If an employee alleges a violation of section 50 of the Occupational Health and Safety Act (“OHSA”) then the employer must prove there has been no violation. This is called a reverse onus clause which means an employer must prove it did not violate OHSA. After a brief summary of the remedies that are available to employees under section 50 of OHSA, this blog discusses three recent cases.
Many employers find it necessary to assess new employees’ performance on the job before making a final determination about whether an individual is suitable for a position. In the absence of an express term in an employment contract, employees in Canada are entitled to reasonable notice of termination at common law when they are dismissed without just cause. Many employers put terms in their employment contracts, such as probationary clauses, which limit this entitlement. However, employers may not always be clear on the implications of such clauses.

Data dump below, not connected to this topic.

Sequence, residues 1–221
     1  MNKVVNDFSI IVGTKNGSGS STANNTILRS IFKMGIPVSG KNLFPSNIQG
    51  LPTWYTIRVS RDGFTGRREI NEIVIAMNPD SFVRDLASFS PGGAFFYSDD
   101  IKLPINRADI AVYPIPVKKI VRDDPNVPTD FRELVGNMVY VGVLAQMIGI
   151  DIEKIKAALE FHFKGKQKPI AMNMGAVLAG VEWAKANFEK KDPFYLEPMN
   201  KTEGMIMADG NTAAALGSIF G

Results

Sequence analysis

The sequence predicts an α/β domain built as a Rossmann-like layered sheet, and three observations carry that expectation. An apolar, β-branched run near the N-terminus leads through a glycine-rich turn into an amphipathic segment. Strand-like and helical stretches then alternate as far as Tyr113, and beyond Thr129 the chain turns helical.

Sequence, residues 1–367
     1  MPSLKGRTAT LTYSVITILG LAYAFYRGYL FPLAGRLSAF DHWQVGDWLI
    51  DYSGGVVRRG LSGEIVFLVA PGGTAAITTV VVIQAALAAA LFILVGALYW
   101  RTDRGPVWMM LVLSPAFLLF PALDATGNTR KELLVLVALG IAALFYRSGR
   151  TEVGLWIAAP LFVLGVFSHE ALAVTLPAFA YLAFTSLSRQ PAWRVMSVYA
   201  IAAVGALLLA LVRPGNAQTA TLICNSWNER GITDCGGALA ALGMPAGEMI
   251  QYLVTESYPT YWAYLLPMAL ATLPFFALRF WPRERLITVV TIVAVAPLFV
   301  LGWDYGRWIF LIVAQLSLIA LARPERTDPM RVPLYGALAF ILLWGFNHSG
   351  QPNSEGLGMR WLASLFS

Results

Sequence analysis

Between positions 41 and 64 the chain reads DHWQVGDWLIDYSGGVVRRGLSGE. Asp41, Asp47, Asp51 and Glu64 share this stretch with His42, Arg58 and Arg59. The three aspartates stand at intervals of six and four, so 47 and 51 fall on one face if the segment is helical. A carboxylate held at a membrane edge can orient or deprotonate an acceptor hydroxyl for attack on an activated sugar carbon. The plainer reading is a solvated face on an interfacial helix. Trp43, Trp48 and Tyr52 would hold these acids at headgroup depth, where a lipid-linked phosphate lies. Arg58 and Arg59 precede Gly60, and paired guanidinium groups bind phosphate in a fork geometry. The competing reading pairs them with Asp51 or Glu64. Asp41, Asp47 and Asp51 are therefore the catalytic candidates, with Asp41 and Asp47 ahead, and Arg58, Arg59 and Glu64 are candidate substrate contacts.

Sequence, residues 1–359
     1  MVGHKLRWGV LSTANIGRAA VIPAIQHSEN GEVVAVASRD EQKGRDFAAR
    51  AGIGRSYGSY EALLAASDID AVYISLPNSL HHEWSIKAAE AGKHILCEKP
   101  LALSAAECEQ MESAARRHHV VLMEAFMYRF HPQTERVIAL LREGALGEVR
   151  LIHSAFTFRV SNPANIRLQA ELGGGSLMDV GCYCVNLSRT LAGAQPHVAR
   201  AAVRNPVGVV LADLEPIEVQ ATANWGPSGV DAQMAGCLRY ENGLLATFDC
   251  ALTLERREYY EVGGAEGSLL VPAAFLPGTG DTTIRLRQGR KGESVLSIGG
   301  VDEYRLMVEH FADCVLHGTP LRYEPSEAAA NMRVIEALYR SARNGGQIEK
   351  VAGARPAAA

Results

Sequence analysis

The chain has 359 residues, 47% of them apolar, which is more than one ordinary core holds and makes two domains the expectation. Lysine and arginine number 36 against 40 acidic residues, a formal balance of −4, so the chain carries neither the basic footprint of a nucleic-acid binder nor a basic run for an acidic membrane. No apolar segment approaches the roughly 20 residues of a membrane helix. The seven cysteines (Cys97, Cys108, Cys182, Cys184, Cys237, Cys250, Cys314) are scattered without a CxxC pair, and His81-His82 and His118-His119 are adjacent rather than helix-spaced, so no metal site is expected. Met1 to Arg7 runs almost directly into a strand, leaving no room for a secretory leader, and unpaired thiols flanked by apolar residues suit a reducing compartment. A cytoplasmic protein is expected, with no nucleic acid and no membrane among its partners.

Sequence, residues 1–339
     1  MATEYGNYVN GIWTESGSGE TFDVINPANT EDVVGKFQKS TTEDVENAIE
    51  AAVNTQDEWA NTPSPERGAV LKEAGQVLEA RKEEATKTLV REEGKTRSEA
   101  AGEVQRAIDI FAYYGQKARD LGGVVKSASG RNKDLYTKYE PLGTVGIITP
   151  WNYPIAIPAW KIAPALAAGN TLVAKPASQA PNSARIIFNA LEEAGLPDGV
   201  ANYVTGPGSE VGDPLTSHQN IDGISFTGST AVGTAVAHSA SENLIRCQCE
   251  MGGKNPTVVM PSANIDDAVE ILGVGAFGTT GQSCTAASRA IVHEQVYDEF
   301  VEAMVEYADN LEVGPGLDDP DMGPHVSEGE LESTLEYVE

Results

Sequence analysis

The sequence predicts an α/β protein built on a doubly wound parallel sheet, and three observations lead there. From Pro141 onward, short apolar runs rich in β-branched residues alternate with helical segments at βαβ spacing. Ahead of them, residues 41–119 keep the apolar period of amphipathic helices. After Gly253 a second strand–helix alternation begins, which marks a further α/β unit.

Given the majority of legal disputes that settle before going to trial, the role of a modern civil litigator has shifted from not only being a courtroom specialist, but also being an expert in negotiation. The main goal in almost all negotiations for an employee is to extract a large payout, while the goal for the employer is to settle the claim while paying out as little as possible. Though lawyers use different techniques for extracting these results for their clients, I wanted to share three simple tips that are often overlooked when employers are negotiating a settlement.